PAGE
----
For most Protestants, the word “Tradition” would be something that would raise a red flag. They see Catholic Tradition as some sort of man-made traditions, the kind Christ warned against in Matthew 15:1-9 and Mark 7:1-13. It is where Jesus condemned “traditions of men which nullify the Word of God.” Some non-Catholic Christians would see some teachings that come from Catholic Tradition as man-made doctrines that conflict with biblical teachings. They would tell you that all authority comes from the Bible alone and nothing else. They might feel like Catholics have added things to what they believe that goes beyond what the Bible teaches.
Well, the Bible (the canon of the New Testament) is a tradition itself. The New Testament is a Catholic tradition that all Christians follow today. The books that belong in the New Testament are a part of Tradition. And every Christian follows and accepts that Tradition, if not, you would not have a Bible. You would have no way of knowing which books were inspired and which were not, if it wasn’t for Church Tradition.
What is Tradition. Tradition is the living transmission of the message of the Gospel in the Church. The oral preaching of the Apostles, and the written message of salvation under the inspiration of the Holy Spirit (Bible), are conserved and handed on as the deposit of faith through the apostolic succession in the Church. Both the living Tradition and the written Scriptures have their common source in the revelation of God in Jesus Christ (paragraphs #75-82 Catechism of the Catholic Church). The theological, liturgical, disciplinary, and devotional traditions of the local churches both contain and can be distinguished from this apostolic Tradition (#83 CCC).
For Catholics, Tradition is another word for what is called the “Deposit of Faith.” St. Jude said, “The faith once and for all handed down to the saints” (Jude 3). The Greek word St. Jude used for “handed down” is a word from which we get the English word “tradition.” The “deposit of faith,” was handed on to the Church from Christ and the Apostles.
Consider this analogy from apologist and author Patrick Madrid:
“An acorn is the same identical thing as the oak tree it grows into, even though they appear different. The same is true of Tradition (i.e., doctrine). It may have been expressed in terms or in ways that might seem removed or even different from how it is expressed in the life of the Church today. The Trinity doctrine is a good example. It was not nearly so well thought out in the second century as it is today, nor was the precise theological vocabulary that the Church relies on today developed in those early years. This is why some people are perplexed when they see some Catholic Traditions or customs that seem much more ritualized or codified than they appear to have been in the early Church. Don’t let that confuse or disturb you. Just as an acorn grows and develops into an oak tree and remains the same essential organism it always was, so too with Tradition in the life of the Church. It is a living tradition, so we can and should expect it to mature and amplify as we move through time” (Patrick Madrid, Why Is That in Tradition, pgs. 19-20).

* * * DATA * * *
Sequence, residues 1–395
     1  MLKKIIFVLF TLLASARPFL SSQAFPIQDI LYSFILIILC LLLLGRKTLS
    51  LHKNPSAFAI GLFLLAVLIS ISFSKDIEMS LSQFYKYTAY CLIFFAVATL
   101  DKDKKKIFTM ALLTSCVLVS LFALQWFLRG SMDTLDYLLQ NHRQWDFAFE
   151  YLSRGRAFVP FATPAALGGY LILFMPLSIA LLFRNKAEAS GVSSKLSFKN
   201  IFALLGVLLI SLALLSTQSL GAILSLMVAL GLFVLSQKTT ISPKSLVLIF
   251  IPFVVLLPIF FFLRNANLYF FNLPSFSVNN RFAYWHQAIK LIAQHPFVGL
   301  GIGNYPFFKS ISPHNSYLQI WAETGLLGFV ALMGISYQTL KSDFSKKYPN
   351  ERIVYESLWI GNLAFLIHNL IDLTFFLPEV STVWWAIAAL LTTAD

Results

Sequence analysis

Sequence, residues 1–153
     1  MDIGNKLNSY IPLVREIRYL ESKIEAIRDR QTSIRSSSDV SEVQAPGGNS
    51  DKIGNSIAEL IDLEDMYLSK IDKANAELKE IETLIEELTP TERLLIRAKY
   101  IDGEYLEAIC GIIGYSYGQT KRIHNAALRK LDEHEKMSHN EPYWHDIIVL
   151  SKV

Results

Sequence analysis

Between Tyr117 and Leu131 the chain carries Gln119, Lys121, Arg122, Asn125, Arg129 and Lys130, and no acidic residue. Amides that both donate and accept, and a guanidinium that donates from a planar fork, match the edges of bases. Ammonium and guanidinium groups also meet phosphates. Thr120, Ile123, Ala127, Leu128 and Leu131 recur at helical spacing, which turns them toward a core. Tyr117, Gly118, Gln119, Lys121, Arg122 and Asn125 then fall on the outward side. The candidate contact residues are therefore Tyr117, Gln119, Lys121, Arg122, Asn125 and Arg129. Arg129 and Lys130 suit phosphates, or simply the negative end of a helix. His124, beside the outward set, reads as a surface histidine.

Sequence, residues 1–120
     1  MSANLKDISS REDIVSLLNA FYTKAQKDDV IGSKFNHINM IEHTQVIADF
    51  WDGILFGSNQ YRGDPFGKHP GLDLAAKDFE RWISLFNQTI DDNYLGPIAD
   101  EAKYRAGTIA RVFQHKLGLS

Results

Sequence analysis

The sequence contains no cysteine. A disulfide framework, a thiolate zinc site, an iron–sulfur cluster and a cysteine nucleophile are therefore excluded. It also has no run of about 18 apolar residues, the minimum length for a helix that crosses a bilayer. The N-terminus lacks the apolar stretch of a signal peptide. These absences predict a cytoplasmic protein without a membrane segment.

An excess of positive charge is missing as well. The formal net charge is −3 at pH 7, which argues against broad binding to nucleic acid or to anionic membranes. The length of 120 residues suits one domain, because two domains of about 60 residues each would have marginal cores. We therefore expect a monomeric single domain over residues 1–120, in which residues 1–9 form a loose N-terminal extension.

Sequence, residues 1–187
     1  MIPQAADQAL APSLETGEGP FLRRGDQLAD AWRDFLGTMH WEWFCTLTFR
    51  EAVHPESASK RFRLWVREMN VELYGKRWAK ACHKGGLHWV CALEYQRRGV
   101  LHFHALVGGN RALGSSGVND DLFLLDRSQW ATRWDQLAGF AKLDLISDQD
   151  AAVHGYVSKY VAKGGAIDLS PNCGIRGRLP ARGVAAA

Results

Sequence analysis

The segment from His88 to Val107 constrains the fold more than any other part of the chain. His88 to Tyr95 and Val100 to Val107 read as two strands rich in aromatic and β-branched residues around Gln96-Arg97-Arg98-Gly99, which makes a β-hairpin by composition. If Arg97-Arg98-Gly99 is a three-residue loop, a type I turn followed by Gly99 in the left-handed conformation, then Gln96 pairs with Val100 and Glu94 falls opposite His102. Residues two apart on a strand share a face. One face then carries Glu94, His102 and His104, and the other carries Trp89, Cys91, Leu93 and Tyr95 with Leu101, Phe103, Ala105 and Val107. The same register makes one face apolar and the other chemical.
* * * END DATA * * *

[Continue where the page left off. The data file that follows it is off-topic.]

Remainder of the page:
How did St. Paul view the subject of Tradition? Well, in 1Corinthians 11:1-2 he says, “Be imitators of me, as I am of Christ. I commend you because you remember me in everything and maintain the traditions even as I have delivered them to you.” St. Paul helps us begin to see more fully the nature of Sacred Tradition in 2 Thessalonians 2:15, when he says, “So then, brethren, stand firm and hold to the traditions which you were taught by us, either by word of mouth or by letter.” It is here that we see that some teachings were handed down to the Church through the written word (Sacred Scripture) and some are handed down through oral or “living Sacred Tradition.”
The Catholic Church defines Tradition in two ways. The first meaning refers to what some call as the “small-t” traditions that are man-made, and therefore can be changed as the needs of the Church dictate. They are what is known as the Church’s customs and disciplines (such things as holy days of obligation, not eating meat on Fridays during lent, what colored liturgical vestments to be worn at different seasons of the year, etc.). But, there is a category of Tradition that is known as the “capital-T” Traditions that are doctrinal and therefore unchangeable. These Traditions are not man-made, but are God-made. They are revealed truth given to the Church by Jesus Christ and the Apostles. Truths given to the Apostles that were inspired by the Holy Spirit so it could be passed on to the Church. Revelation from God that needed to be taught and explained.
St. Paul spoke to the devine aspect of Tradition:
“Our exhortation was not from delusion or impure motives, nor did it work through deception. But as we were judged worthy by God to be entrusted with the gospel, that is how we speak, not as trying to please human beings, but rather God, who judges our hearts….And for this reason we too give thanks to God unceasingly, that, in receiving the word of God from hearing us, you received not a human word but, as it truly is, the word of God, which is now in work in you who believe” (2 Thessalonians 2:3-4, 13).
Until next time, God bless.